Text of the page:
I wonder what the late, great spy novelist Charles McCarry would make of the COVID-19 outbreak and the Chinese connection, be it the Wuhan “wet markets” or the science labs near Wuhan.
McCarry, who died last year at the age 88, set his 2013 novel “The Shanghai Factor” in China.
“China, hidden and mysterious, has always interested me,” McCarry said in an interview with Publisher’s Weekly. “I’ve written about it in other novels before ‘The Shanghai Factor,’ and in order to save the life of my series hero, Paul Christopher, locked the poor fellow up for 10 years in a one-prisoner jail in a desert in Xianjing province.”
In “The Shanghai Factor,” the narrator, a 29-year-old American intelligence officer in China, explained how he first encountered a Chinese woman named Mei. “One day, as I pedaled along Zhonghan Road, she crashed her bicycle into mine. In those days I was new to the life as a spy, so my paranoia wasn’t yet fully developed, but I immediately suspected that this was no accident. My first thought was that Chinese counterintelligence had sniffed me out and sent this temptress to entrap me. Then I took a look at the temptress and wondered why I should mind.”
Later in the novel, McCarry writes, “I was sure from the start that she was on duty, that she reported everything, that she had bugged my room. The funny thing was, she never asked for information, never probed.”
Mei, McCarry wrote, showed no curiosity about his past history or life.
“Probably this was because she had been briefed about this matter by the folks at Guoanbu, the Chinese intelligence service (within Headquarters called “MSS,” short for Ministry of State Security) and had no reason to ask.”
I enjoyed “The Shanghai Factor,” as I have his other novels, including “The Tears of Autumn” which in my view is his finest novel. This brilliant novel covers the assassination of President Kennedy and the Vietnam War, and although I don’t subscribe to the conspiracy he portrays in the novel, I recommend highly this most interesting and insightful spy novel.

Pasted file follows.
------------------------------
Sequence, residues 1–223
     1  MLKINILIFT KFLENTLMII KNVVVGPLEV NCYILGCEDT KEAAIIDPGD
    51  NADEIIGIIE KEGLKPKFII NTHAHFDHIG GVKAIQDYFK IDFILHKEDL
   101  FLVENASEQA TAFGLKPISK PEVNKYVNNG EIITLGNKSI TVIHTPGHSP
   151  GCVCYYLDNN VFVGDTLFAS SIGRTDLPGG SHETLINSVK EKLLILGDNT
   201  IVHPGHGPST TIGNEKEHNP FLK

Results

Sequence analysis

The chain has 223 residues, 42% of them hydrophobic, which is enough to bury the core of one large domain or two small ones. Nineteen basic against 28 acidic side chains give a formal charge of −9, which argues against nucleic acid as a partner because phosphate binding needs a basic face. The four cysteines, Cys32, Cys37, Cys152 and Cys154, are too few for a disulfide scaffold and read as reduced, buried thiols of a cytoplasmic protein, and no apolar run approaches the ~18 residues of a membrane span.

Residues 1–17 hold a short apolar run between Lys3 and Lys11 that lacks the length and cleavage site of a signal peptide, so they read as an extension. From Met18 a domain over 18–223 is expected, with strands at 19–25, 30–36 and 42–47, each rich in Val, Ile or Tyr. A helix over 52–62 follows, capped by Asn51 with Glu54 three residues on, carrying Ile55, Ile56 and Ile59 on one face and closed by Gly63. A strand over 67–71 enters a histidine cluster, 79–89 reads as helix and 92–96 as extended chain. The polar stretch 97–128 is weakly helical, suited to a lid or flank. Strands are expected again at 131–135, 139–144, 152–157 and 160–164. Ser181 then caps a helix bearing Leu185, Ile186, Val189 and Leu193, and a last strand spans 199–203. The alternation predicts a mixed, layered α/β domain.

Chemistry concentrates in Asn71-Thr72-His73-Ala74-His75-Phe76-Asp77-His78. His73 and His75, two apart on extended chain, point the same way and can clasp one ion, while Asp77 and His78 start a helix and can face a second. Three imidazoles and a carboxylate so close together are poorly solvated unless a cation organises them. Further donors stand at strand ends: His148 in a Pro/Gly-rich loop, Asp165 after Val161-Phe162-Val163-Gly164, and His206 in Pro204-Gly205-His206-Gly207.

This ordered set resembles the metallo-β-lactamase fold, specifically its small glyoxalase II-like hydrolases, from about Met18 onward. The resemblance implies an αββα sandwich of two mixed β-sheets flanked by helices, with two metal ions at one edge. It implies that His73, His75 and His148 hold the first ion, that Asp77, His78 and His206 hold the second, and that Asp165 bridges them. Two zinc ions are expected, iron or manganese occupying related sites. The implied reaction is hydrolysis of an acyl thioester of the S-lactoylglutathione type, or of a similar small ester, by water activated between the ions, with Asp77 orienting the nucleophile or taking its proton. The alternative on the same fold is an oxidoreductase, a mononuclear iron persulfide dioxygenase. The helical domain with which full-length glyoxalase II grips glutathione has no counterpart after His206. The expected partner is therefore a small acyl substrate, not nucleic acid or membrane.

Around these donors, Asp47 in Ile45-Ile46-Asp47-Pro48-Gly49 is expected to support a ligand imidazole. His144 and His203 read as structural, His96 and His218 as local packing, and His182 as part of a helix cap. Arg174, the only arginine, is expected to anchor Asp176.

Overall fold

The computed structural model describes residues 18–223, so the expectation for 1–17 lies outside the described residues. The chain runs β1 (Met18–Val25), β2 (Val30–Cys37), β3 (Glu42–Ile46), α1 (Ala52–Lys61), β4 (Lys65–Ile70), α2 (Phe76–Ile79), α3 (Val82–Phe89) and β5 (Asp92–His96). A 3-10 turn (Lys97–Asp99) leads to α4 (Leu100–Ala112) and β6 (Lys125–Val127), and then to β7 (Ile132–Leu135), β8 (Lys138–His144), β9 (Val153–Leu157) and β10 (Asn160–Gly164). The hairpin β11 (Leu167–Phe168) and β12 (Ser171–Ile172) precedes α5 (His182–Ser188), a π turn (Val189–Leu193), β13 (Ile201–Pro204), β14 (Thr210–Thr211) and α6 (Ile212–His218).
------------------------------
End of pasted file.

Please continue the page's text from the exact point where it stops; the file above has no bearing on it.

McCarry knew something about espionage, having served as a deep cover CIA officer for 10 years in the 1950s and 1960s. The New Republic called Charles McCarry “the poet laureate of the CIA.” He has also been called the American John le Carre, a spy novelist he is often compared to.
Writing in The Weekly Standard, P.J. O’Rourke noted, “unlike le Carre, McCarry knows right from wrong. His theme is never that the other side is just like our side except on the other side.”
Melanie Kirkpatrick wrote in National Review that “Charles McCarry is sometimes called a ‘conservative John le Carre’ for his highly intelligent espionage thrillers. The difference is that while le Carre presents George Smiley and his Soviet foe Karla as moral equivalents, McCarry believes in the superiority of Western ideals. His spy novels depict the unpleasant, even tragic, actions that are sometimes necessary to preserve those ideals.”
Otto Penzler, the publisher and editor of crime and spy fiction, has stated that Charles McCarry was “inarguably the greatest espionage writer that America ever produced.” He also said that McCarry was the most poetic of all American spy writers.
Mr. Penzler, whom I interviewed in a previous column, published a Charles McCarry short story for his collection of stories about espionage, “Agents of Treachery,” in 2010. I suspect McCarry will also appear in Mr. Penzler’s upcoming “Big Book of Espionage Stories.” Mr. Penzler also noted, “although there was no nicer or more brilliant man on the planet, McCarry’s gift of prophecy, or anticipating things to come, was chilling.” For example, in his 1979 novel, “The Better Angels,” McCarry anticipated suicide bombers and offered a fictional terrorist plot that predated 9/11 by 20 years.
Although he never received the popular fame that Ian Fleming or John le Carre enjoyed, by all accounts he had a full and satisfying life, personally and professionally. McCarry was born in 1930 in Massachusetts and he served in the U.S. Army as a correspondent for the Stars and Stripes newspaper. He later served as a speechwriter for President Eisenhower and then became a CIA officer. As a deep cover officer, McCarry traveled around the world, both as a spy and as a part-time journalist. He left the CIA in 1967 and wrote his first novel, “The Miernik Dossier,” in 1971.
Charles McCarry should be read by every student of espionage and by every reader that loves spy fiction.
• Paul Davis On Crime column covers true crime, crime fiction, mysteries and thrillers.
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